Illini lineman Karras enters 2015 at full strength

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Illini lineman Karras enters 2015 at full strength

Daryl Quitalig | The Daily Illini Illinois' Ted Karras (69) looks at the defense during the game against Indiana at Memorial Stadium on Saturday, Oct. 27, 2012.

Daryl Quitalig | The Daily Illini Illinois' Ted Karras (69) looks at the defense during the game against Indiana at Memorial Stadium on Saturday, Oct. 27, 2012.

Daryl Quitalig | The Daily Illini Illinois' Ted Karras (69) looks at the defense during the game against Indiana at Memorial Stadium on Saturday, Oct. 27, 2012.

Daryl Quitalig | The Daily Illini Illinois' Ted Karras (69) looks at the defense during the game against Indiana at Memorial Stadium on Saturday, Oct. 27, 2012.

By Michal Dwojak, Staff writer

Ted Karras sat at an elevated table with a smile on his face during the first day of the Big Ten Media Days on Thursday in Chicago. His expression was the opposite when the media and fans last saw Karras at Ohio Stadium in Columbus, Ohio, in early November — the Illinois offensive lineman was limping his way into the locker room.

He tore his ACL that night against the Buckeyes and missed the remaining four games and the spring portion of the year.

Now Karras sat in a suit with his orange and blue tie ready to talk to reporters. The offensive lineman is excited for his senior season and ready to help his team improve after missing the end of last season and a bowl game.

“I feet good as I’ve ever felt entering a season,” Karras said. “I don’t have those 15 practices (during the spring) weighing on me now, it’s an advantage that I have now.”

Karras was shocked when the injury happened. He fell on the ground after the play and did what he always does after a play: He got up quickly. But this time was different. He heard a pop from his knee and thought everything would be fine if he got up like he always did.

Once the lineman got on his feet, he knew something was wrong. For the first time in his career, he knew he couldn’t stay on the field. His coaches were confused and yelled at him when he limped his way to the sidelines but they knew something was wrong once he arrived. The trainers took a look at his knee and said he needed to go to the locker room. Karras obliged but refused to go using crutches — he didn’t want the hostile fans at “The Horseshoe” to yell at him.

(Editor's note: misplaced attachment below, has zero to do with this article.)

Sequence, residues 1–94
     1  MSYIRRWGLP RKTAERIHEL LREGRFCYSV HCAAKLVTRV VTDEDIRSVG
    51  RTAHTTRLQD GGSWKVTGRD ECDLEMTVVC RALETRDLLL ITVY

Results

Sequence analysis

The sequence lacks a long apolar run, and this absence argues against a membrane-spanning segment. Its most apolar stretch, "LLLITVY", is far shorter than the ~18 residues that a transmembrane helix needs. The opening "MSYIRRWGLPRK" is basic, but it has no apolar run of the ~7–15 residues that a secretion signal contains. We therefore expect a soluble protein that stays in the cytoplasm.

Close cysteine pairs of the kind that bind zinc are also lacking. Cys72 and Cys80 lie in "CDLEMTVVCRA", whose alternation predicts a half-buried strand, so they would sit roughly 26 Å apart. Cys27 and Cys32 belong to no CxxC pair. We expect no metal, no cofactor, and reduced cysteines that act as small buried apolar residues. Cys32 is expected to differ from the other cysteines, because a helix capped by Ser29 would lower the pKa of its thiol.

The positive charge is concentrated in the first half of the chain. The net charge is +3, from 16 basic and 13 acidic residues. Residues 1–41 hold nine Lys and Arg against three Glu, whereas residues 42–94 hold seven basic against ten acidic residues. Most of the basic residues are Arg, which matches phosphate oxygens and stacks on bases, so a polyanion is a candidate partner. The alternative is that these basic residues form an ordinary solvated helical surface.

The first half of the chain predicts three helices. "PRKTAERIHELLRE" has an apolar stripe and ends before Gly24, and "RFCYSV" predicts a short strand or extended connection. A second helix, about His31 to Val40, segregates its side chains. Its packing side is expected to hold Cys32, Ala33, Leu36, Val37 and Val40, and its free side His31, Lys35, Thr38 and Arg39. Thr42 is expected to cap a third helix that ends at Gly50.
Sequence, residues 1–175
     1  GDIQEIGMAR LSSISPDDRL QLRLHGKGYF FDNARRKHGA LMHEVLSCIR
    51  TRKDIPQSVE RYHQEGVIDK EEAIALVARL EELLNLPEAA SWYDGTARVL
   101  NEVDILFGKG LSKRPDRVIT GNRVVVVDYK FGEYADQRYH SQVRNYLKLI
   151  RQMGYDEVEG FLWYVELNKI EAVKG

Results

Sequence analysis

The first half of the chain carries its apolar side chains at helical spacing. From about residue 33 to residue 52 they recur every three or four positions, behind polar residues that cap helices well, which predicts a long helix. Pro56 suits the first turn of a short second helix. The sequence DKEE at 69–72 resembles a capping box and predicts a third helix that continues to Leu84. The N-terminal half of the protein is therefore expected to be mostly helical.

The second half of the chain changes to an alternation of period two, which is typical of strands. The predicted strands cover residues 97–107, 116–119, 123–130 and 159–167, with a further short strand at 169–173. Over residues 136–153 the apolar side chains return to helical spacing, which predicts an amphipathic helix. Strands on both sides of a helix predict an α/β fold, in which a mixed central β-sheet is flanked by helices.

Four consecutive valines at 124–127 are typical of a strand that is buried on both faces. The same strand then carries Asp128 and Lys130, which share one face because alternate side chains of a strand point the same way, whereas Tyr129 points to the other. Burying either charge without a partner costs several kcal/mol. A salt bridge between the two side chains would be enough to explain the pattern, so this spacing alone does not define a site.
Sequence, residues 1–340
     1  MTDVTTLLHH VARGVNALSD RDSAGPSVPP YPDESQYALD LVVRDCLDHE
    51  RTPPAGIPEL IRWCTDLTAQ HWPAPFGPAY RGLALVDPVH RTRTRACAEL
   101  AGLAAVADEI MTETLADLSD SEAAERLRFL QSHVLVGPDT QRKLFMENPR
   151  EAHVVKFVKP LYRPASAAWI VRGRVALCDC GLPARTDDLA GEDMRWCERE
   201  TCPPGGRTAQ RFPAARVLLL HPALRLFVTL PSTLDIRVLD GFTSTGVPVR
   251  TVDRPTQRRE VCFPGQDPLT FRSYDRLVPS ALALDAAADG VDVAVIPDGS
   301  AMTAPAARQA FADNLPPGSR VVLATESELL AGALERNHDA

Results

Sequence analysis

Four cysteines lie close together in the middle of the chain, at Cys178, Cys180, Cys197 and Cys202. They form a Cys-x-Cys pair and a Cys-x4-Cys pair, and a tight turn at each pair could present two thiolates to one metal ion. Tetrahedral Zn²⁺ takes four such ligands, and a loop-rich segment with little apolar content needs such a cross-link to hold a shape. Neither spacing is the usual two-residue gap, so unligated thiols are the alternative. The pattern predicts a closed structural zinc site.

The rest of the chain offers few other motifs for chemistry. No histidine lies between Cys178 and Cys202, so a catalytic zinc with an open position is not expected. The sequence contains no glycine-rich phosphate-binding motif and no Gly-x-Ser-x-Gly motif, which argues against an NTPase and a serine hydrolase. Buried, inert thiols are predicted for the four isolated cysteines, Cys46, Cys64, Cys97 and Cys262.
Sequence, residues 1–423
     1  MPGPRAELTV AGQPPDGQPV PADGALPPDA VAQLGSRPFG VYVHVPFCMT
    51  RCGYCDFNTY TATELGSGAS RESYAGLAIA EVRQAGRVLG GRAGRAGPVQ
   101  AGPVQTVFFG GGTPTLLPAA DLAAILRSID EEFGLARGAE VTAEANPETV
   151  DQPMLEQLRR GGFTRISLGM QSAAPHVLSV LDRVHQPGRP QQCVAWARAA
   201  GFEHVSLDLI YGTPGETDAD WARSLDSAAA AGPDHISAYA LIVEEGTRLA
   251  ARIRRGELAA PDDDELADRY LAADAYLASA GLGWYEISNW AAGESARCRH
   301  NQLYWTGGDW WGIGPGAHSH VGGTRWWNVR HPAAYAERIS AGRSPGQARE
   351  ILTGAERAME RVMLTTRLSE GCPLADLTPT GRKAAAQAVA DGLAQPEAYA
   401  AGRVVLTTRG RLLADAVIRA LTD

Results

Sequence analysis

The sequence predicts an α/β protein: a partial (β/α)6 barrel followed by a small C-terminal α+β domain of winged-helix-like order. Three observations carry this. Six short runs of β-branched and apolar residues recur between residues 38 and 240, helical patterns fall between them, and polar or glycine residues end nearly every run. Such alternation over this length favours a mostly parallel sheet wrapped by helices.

The senior wasted little time after being injured — he had surgery right away, and although he said the six-month rehab was challenging, he’s thankful for the support he received from his teammates. He said he wasn’t treated differently because of the injury.

Karras used the time rehabbing to put himself in the best shape of his career. He learned more about his body during the process, something he admitted will be beneficial for the rest of his career and life.

“You make progress every day. It’s painful, but everyone comes back from it, knock on wood,” Karras said as he knocked on his head. “But you’re fine when you come back … It was just interesting to see the technology and everything else that goes into the entire rehab process.”

The goal for his senior season is to win the Big Ten West Division. There’s no clear favorite in the division, according to Karras, and he doesn’t want to focus on winning just a set number of games — for him, the more wins, the better.

Karras also knows that the team’s offensive success will depend heavily on the health of quarterback Wes Lunt. The offensive line returns several players who have seen significant game action and Karras said the group has watched blitz tapes all summer to prepare for any type of defensive attack.

Excitement will once against rush through Karras when he sprints out of the Memorial Stadium tunnel on Sept. 4 against Kent State and begins his final season as an Illini. The offensive lineman said he’ll be ready to protect his quarterback right from the first offensive snap of the season.

Karras hopes every game will end with him running toward the band at the end of the game to sing “Alma Mater” with teammates  — rather than hobbling to the locker room in the middle of the action

“Teddy has done a great job of getting himself prepared,” head coach Tim Beckman said. “I think what a lot of people don’t understand is the commitment and the leadership that Teddy brings to us. Teddy had a lot to do with winning those last two football games that put us in the bowl game. He didn’t play one play, but he had a lot to do with who he is and how he leads this football team.

“It’s an honor to coach Teddy Karras.”

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